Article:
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jleffelm
02-04-2003, 07:29 AM
I have a program written using MFC, and I am having problems animating it. I can draw each scene appropriately, but I can't get MFC to redraw the scene unless I resize the window, or pull down a menu. I guess what I am looking for is a way to call OnDraw() or OnPaint whenever the program is idle. Does anyone know how I would go about this? I have been able to do this with an Invalidate( FALSE ) call, but this causes other problems so I am hoping to find another way around this problem.

-Drew

nexusone
02-04-2003, 07:52 AM
Windows is an event driven system.
I am not sure how to set it up in MFC, but you have a timmer type event.


On_Event_timmer() //do something

Event_timmer( int intervals ) // trigger a event every X intervals
// Run's sending a Event signal, until a null value is sent

Something that that effect.



Originally posted by jleffelm:
I have a program written using MFC, and I am having problems animating it. I can draw each scene appropriately, but I can't get MFC to redraw the scene unless I resize the window, or pull down a menu. I guess what I am looking for is a way to call OnDraw() or OnPaint whenever the program is idle. Does anyone know how I would go about this? I have been able to do this with an Invalidate( FALSE ) call, but this causes other problems so I am hoping to find another way around this problem.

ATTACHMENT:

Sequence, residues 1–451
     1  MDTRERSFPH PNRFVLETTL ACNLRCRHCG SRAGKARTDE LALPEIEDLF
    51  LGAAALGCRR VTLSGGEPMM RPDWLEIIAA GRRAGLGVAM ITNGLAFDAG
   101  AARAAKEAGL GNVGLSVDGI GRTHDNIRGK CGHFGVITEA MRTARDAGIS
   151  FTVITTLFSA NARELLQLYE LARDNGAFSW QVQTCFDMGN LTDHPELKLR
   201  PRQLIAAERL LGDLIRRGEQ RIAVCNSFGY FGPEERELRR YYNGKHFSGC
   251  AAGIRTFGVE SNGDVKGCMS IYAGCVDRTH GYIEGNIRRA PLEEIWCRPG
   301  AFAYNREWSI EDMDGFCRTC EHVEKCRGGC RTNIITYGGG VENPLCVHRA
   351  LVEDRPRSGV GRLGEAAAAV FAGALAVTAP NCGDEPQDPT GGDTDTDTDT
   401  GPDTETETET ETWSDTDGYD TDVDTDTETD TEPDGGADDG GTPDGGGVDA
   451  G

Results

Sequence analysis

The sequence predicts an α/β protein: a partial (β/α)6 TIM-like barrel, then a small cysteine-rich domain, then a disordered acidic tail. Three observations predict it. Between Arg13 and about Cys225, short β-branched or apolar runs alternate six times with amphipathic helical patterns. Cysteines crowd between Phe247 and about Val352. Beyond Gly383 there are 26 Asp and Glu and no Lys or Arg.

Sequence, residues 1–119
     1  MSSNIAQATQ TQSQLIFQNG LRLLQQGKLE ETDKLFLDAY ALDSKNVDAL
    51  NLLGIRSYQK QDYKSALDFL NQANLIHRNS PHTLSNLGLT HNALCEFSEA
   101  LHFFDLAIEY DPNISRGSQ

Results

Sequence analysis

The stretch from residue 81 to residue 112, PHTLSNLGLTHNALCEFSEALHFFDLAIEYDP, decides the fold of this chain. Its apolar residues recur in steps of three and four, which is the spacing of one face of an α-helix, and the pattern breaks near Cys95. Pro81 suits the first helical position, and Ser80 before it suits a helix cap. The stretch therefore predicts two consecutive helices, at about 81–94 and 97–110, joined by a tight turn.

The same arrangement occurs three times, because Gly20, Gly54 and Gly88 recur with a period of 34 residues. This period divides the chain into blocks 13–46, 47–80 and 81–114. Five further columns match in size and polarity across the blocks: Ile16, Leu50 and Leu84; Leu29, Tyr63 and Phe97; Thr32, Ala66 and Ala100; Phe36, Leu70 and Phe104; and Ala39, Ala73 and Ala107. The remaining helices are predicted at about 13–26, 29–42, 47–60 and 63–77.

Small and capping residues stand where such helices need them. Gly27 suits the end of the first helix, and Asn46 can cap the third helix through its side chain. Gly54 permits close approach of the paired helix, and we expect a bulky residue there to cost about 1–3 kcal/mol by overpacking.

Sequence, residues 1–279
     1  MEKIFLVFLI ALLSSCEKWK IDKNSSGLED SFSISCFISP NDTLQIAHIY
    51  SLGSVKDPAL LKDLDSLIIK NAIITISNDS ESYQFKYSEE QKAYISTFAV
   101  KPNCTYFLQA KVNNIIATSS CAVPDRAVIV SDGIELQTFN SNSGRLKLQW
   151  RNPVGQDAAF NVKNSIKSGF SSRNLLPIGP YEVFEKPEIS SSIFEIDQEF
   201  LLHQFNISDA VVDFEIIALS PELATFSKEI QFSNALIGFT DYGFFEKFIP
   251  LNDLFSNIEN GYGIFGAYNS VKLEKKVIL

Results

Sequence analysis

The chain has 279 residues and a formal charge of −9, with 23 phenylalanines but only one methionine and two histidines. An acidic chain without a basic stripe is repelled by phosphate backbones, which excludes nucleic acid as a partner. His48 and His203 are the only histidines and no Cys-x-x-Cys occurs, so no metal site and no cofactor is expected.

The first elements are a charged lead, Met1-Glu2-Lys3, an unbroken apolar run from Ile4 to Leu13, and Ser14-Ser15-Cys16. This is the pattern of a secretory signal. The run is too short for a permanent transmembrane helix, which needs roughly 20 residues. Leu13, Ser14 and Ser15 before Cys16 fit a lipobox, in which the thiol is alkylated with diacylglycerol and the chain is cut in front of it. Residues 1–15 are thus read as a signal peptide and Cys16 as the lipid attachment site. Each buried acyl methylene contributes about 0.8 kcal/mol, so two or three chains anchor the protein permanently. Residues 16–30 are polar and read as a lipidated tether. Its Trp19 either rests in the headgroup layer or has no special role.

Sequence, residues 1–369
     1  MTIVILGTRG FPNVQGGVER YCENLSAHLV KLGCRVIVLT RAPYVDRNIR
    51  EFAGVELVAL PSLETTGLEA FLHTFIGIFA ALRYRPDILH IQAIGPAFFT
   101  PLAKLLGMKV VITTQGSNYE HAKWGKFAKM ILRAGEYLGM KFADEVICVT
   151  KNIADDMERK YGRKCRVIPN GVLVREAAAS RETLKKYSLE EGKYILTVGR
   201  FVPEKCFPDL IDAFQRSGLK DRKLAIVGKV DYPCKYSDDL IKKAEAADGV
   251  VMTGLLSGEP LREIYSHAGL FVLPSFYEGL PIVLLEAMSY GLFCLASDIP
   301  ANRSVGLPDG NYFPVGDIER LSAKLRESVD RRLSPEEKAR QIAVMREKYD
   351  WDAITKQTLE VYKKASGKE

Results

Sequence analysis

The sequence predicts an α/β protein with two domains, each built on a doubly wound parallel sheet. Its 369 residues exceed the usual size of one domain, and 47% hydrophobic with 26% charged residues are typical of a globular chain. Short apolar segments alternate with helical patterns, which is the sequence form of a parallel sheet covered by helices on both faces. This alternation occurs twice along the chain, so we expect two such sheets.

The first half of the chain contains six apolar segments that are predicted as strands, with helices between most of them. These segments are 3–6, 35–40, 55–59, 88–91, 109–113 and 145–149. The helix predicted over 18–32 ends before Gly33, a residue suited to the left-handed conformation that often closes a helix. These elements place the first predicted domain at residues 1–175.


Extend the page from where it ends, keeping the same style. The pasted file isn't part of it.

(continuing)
-Drew

jleffelm
02-04-2003, 08:39 AM
Originally posted by nexusone:
Windows is an event driven system.
I am not sure how to set it up in MFC, but you have a timmer type event.


On_Event_timmer() //do something

Event_timmer( int intervals ) // trigger a event every X intervals
// Run's sending a Event signal, until a null value is sent

Something that that effect.





Thank you very much for setting me in the right direction. Things seem to be working now.

-Drew

J P
02-05-2003, 01:05 PM
There are other ways besides using a timer. See www.mcfogl.com (http://www.mcfogl.com)

jleffelm
02-05-2003, 01:39 PM
Okay, I have tried the method on mfcogl.com, and came across a bunch of problems. But for this question, let's assume that I had it correcct, and it was working, I guess I am curious which is better, to do it similiar to the mfcogl method(which I didn't comprehend enough to see what is going on) or to just use MFC OnTimer event to call the OnPaint or OnDraw function with a delay of 1 or 0 milliseconds? Just curious, thank you for your time and effort.

-Drew

cwc36
02-05-2003, 04:20 PM
OnInitDialog()
{
this->SetTimer()
}

OnTimer()
{
SendMessage(WM_PAINT);
}

J P
02-06-2003, 04:07 PM
jleffelm,

The OnTimer() relies on Windows timers that are Windows OS dependent. NT and W2K aren't the same as W95 or W98. Therefore if you want to set and control an accurate frame rate you need to build your own timer function see www.mfcogl.com (http://www.mfcogl.com) for a hi-res timer. Most of the mfcogl animation demo simply use Invalidate calls to put the windows message loop in an infinite loop and the OpenGL frames are drawn as fast as Windows can process the messages to draw the OpenGL scenes. Some get bothered by the fact that this eats up close to 100% of the cpu cycles. This is usually of no concern, but you can allow other processes more cycles by using Sleep(xx). Sleep again depends on grainy OS depedent timers and you won't get millisecond accuracy, see MSDN or your compilers help files.

jleffelm